Robert L. Ternik, Ph.D., R.Ph., is senior research advisor, Small Molecule Design and Development, at Eli Lilly and Company. He is responsible for creating and implementing human-centered design capability for Lilly’s small molecule drug product portfolio. He is a member of the Pediatric Working Group of the IQ Consortium.
Julia Gao, Ph.D., is an associate director at Bristol-Myers Squibb Company, where she is responsible for commercial oral product development for BMS’s small molecule portfolio. He is a member of the Pediatric Working Group of the IQ Consortium.
Robert Ju, Ph.D., is an associate director at Abbvie, where his group is responsible for formulation development of AbbVie’s small molecule portfolio. He chairs the Pediatric Working Group of the IQ Consortium.
Globally, the design and development of pediatric drug products has significantly lagged behind the development of drug products for adult populations. The lag is largely attributable to a combination of economic factors, therapeutic and bioethical factors, and the challenges associated with conducting robust pediatric clinical trials with the innate diversity of the pediatric population. This lag has greatly affected pediatric patients by limiting the availability of beneficial and potentially life-saving medicines and requiring health care professionals to use medicines studied and designed for adults in children.
Consequently, regulatory bodies and industry have acted to address this issue. Since 1997, a number of regulatory approaches have been implemented to incentivize the development of pediatric products. These efforts have increased in their intensity and effectiveness over the past decade, most notably with the 2006 passing of the pediatric regulation in the European Union and the 2012 Food and Drug Administration Safety and Innovation Act (FDASIA) legislation in the United States. As a direct consequence of these pieces of legislation, more attention to the challenges of pediatric drug development has been generated across the medical and pharmaceutical industries. In response, a number of focused groups and initiatives have been established across the globe to provide guidance, clarity, and support to improve the design, development, and manufacture of pediatric products for clinical evaluation and commercial use.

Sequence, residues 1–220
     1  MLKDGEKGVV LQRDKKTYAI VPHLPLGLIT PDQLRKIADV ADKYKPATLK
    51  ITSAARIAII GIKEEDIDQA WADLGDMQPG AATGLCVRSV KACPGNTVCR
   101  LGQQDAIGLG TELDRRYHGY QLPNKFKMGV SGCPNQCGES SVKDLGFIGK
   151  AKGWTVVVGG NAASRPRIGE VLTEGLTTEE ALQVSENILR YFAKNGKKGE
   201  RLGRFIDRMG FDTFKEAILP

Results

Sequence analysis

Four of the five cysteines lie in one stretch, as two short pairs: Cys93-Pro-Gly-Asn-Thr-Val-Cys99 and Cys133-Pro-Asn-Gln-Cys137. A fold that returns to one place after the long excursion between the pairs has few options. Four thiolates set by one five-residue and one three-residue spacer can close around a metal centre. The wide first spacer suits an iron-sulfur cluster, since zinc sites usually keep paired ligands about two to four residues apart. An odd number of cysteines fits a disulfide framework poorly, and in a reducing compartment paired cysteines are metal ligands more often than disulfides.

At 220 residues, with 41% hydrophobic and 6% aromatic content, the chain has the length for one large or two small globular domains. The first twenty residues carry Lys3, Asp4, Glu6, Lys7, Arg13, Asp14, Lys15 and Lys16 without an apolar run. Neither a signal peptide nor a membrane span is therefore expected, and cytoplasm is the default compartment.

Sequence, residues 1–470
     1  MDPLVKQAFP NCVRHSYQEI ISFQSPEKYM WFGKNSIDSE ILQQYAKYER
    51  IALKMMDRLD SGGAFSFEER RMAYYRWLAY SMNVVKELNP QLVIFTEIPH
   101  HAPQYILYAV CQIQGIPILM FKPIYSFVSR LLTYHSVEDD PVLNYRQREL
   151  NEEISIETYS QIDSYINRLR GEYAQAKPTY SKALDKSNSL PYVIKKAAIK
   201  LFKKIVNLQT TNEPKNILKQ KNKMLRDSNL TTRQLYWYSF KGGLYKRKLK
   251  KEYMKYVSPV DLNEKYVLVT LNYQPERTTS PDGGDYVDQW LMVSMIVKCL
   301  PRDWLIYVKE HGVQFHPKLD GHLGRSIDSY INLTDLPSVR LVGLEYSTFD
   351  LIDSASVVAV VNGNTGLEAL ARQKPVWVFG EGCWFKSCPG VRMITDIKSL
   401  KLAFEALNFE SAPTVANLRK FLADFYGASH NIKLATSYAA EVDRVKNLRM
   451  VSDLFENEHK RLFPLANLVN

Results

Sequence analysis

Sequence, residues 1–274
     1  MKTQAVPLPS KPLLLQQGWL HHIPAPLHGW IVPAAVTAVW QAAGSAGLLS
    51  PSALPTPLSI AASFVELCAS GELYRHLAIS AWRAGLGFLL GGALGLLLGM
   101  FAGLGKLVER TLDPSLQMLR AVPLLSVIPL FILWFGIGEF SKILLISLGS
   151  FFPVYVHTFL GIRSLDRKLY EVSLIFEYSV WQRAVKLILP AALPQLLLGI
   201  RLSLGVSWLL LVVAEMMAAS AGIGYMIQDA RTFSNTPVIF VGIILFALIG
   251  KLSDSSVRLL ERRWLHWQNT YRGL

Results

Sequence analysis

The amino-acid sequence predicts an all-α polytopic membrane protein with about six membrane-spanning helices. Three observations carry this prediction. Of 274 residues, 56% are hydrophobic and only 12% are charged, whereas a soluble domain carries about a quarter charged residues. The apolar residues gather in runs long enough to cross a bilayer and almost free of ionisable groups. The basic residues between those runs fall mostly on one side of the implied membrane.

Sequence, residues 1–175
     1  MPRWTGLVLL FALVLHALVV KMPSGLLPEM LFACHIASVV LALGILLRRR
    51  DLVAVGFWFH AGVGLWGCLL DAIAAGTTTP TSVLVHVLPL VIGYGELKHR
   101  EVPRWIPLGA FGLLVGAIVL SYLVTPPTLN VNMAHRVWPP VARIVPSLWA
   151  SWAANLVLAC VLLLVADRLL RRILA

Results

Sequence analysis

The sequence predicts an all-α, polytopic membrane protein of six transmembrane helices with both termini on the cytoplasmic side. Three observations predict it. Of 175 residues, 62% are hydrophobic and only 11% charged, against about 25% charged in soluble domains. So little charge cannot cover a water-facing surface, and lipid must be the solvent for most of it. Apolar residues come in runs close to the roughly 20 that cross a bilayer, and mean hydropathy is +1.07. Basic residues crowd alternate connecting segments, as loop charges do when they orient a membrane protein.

While progress has been made, significant challenges remain in all areas of pediatric development. Creating synergy across the relevant scientific disciplines through collaboration among industry, academia, and regulatory bodies across the globe is necessary to overcome these challenges. This collaboration could harmonize regulatory approaches, promote basic research, share best practices, and solidify the economic incentives available. These efforts are directed toward the goal of expediting the availability of high-quality pediatric products for global use.
The March issue of the AAPS Newsmagazine highlights the impact of recent regulation and provides an overview of existing challenges and opportunities to accelerate the development of pediatric drug products. Read No Small Challenge: Can the Barriers to Pediatric Drug Development Be Overcome? from the Formulation Design and Development section of AAPS and then participate in the discussion questions below.
1. What is the biggest barrier or limitation in developing pediatric pharmaceutical products and suggestions for overcoming it?
2. Have the legislative approaches in the EU and USA been effective in advancing pediatric research? What could be done to improve legislation?
3. What is the biggest opportunity to rapidly advance pediatric product development?